3rd May 1946 – 22nd August 2019
When Tim Fischer left Parliament before the 2001 elections I described him as one of the genuinely loved parliamentarians on both sides of the House. My period in service encompassed his – there when he came in 1984, and there when he left in 2001. His period was preceded by long service in the NSW Legislative Assembly which started in 1971. That was shortly after his service in Vietnam as an officer in the Transport section of his regiment. His service was a seminal influence on his life. Though he travelled far and wide, in and out of Parliament, he was never far from Boree Creek, the tiny town in which he grew up, nor his affection for the Australian armed forces and their veterans.
As a parliamentarian he gravitated to the committees which focussed on transport issues. As a party front bencher he was broader, taking up other interests on Veteran Affairs and Trade. He became National Party Leader in 1990, leading them until his unexpected stand down in 1999. Because of that role he was Deputy Prime Minister and Minister for Trade from 1996 to 1999. In all roles, he ventured on 41 overseas visits.
Since his passing many have referred to his “quirkiness”. His speaking style reflected an engaged machine gun. His presence, mercurial, producing an affectionate nickname in his constituency, “Two Minute Tim”, reflecting the amount of time he might be expected at an official engagement. He admitted and relished his eccentricities. His outlook socially conservative. His courage truly massive. That was on display in the public debates over post-Port Arthur gun legislation. Of all the party leaders state and federal, his selling job was the most difficult task. His support base completely disagreed with the direction. But he fought on. He worked through town meetings where outside the hall dummies representing him in effigy would be hanging. He prevailed.
When I entered Parliament, the National Party leadership of Doug Anthony, Ian Sinclair and Peter Nixon were the toughest most intelligent political tacticians. They were PM Malcolm Fraser’s right hand men. Tim was their polar opposite. But I would describe his strength as “bush authenticity”. He was proud of everything he did and fascinated by everything around him. He would talk to anyone.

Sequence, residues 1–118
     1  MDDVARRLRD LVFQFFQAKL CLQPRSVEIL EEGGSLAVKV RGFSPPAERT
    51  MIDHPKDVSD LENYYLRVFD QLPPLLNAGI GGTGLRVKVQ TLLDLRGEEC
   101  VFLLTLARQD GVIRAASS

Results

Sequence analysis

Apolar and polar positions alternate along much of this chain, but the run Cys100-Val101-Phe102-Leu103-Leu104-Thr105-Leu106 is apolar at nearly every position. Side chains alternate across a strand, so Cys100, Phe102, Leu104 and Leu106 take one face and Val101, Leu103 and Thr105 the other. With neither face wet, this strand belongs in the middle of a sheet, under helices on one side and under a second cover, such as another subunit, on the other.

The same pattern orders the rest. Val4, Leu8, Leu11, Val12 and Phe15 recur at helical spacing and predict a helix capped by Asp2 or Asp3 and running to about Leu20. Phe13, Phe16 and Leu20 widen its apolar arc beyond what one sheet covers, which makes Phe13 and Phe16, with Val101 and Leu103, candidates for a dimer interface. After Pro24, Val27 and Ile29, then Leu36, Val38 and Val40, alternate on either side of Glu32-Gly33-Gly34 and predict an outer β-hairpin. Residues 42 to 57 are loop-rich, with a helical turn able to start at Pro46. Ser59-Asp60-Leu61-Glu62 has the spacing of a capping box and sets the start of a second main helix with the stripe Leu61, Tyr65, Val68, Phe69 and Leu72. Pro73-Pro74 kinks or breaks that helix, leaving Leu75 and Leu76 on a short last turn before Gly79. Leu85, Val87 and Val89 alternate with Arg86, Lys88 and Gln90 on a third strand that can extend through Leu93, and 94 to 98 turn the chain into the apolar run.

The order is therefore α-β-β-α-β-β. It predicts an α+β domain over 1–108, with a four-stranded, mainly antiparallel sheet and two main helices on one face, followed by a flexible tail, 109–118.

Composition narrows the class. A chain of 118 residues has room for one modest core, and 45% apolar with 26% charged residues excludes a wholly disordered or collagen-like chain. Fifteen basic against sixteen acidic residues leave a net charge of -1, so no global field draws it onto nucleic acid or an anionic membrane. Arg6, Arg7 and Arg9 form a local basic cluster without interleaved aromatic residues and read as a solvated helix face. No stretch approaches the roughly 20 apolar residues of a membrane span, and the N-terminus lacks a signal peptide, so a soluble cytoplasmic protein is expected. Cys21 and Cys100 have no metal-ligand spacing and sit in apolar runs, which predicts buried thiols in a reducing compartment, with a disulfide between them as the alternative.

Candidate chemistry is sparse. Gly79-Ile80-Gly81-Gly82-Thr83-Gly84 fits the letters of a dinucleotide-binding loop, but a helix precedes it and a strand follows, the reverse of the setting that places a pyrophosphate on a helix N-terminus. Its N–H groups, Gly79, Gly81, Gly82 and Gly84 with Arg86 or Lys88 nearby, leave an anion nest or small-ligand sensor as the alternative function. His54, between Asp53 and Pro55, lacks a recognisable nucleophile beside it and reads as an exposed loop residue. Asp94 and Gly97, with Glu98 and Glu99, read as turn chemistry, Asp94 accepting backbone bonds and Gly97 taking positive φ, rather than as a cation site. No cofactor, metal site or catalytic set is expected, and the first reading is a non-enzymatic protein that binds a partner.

I loved listening to Macca on Sunday Morning on the ABC when “Tim from Boree Creek” would come on to talk about the critical character of railways and trains. Vietnam service had given him a fascination for South East Asian and South Asian culture and politics. I recollect overhearing a conversation on his appointment as Ambassador to the Holy See, “…Well, Tim will have to give up his fascination with Buddhism and go back to the rosary.” He did the latter, not the former.
Fascinated with military history, he was infuriated with “errors” in American World War One memorials where Australian forces’ contributions were missed or inaccurately recorded. As my fellow Ambassador he was pleased to keep me advised on what I might do to rectify error. He wrote a book on General Monash. He knew whereof he spoke.
Towards the end he sold up at Boree Creek and moved to a cattle property in Victoria. He died too young with much more to give. He died though with the love of those who knew him. Hopefully that is a comfort to his wife Judy and his boys Harrison and Dominic.
He should be in our minds. He was a good example, a good man.
The Honourable Kim Beazley AC